COUNCIL chiefs yesterday sealed the fate of Spalding Flower Parade – next year’s event is definitely the last.
South Holland deputy leader Paul Przyszlak and county executive member for economic development Eddy Poll say their authorities are strapped for cash.
Both say they can no longer justify spending thousands of pounds of council tax payers’ on the Flower Parade, but promise it will go out with a bang and the 2013 event will be a celebration of the parades of the last half-century.
South Holland gives £40,000 to the parade and the county council gives the same.
But the county underwrites the event – funding losses – and that means it picks up a whopping £150,000 bill.
Our sister newspaper the Lincolnshire Free Press reported on July 10 that the parade’s future looked bleak and the 2013 parade was set to be the 55th and last event.
Since then the county council has lost a £40,000 European grant which helped finance the parade.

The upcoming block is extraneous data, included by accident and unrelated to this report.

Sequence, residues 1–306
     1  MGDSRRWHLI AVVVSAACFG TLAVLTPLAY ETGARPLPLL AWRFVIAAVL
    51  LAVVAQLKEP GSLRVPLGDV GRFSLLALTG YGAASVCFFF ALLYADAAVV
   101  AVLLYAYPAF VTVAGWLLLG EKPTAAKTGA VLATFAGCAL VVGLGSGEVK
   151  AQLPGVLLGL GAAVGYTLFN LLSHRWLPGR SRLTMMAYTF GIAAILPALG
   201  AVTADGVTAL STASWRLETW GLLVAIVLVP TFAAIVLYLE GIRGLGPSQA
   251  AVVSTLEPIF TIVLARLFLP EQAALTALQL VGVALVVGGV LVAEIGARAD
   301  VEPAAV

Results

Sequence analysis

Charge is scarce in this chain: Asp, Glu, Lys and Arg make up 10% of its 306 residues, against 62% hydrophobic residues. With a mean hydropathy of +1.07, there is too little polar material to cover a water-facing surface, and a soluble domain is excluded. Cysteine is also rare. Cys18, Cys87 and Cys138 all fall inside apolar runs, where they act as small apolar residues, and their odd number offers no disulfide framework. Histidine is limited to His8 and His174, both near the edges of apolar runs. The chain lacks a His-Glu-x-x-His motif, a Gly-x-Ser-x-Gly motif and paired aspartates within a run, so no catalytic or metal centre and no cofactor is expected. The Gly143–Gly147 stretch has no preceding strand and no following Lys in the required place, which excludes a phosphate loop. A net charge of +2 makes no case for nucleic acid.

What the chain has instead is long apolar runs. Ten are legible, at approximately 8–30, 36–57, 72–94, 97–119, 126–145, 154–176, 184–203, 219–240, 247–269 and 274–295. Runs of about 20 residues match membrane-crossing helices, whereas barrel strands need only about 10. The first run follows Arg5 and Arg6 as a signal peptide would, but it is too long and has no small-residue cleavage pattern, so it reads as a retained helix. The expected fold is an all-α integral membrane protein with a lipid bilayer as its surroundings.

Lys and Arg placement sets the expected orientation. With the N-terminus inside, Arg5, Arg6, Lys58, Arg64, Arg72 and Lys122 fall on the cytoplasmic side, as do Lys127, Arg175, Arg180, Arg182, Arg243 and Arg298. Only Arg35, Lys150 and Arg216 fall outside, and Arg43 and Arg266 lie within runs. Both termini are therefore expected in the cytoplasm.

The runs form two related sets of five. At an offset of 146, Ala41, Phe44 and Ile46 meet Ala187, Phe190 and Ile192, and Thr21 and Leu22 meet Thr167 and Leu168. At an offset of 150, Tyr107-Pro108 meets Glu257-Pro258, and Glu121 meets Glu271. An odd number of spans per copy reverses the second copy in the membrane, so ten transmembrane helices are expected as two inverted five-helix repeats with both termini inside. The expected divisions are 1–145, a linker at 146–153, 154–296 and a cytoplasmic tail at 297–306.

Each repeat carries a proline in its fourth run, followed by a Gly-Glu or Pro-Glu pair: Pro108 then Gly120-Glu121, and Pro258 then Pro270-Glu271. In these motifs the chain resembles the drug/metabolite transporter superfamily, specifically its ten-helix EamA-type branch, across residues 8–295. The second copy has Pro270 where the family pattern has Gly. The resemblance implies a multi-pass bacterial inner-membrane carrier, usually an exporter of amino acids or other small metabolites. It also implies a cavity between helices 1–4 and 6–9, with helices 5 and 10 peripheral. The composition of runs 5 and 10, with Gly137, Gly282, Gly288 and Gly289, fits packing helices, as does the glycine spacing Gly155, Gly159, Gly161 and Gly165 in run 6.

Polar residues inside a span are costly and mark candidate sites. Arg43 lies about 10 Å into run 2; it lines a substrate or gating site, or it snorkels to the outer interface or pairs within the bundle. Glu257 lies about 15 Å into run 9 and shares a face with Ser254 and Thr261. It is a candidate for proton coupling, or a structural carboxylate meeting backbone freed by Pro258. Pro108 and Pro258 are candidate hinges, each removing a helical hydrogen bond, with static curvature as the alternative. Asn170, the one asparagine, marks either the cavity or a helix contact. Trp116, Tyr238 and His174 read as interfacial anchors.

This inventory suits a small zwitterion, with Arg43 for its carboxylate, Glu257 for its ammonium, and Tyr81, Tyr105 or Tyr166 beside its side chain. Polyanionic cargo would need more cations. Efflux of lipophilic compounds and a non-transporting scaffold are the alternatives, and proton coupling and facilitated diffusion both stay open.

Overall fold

Coun Poll said: “I have been involved in the Flower Parade now for about 25 years so personally it’s a very sad occasion for me, the end of an era.”
Both councils had done their best to keep it going but couldn’t do that without the backing of businesses and residents.
Coun Poll said commercial input for this year was a little under £30,000 – if local businesses and local people were not interested in contributing then it was not right for councils to keep on putting in money.
It’s likely Kenyon Communications will be asked to organise the final parade as they have for the past couple of years. Coun Przyszlak said: “It’s going to be a final fling.”
The district council had done all it could to save cash, including merging back office work with East Lindsey and senior management with Breckland.
Those moves saved £1million a year to help cushion Government cuts but there are still tough financial pressures. He said: “Councils don’t have the money that they did have.”
Coun Przyszlak said the Flower Parade had faded in popularity since its heydey when 200,000 to 250,000 people came to see it – this year there were just 45,000.
He hopes South Holland Food Festival will surge in popularity as food is now more synonymous with South Holland than tulips.